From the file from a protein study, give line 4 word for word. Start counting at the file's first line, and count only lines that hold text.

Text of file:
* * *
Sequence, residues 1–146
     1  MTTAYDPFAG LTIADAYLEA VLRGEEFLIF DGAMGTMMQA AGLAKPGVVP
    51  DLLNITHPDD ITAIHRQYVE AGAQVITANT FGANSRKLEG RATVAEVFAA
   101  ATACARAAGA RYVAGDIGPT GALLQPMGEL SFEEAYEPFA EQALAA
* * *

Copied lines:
   101  ATACARAAGA RYVAGDIGPT GALLQPMGEL SFEEAYEPFA EQALAA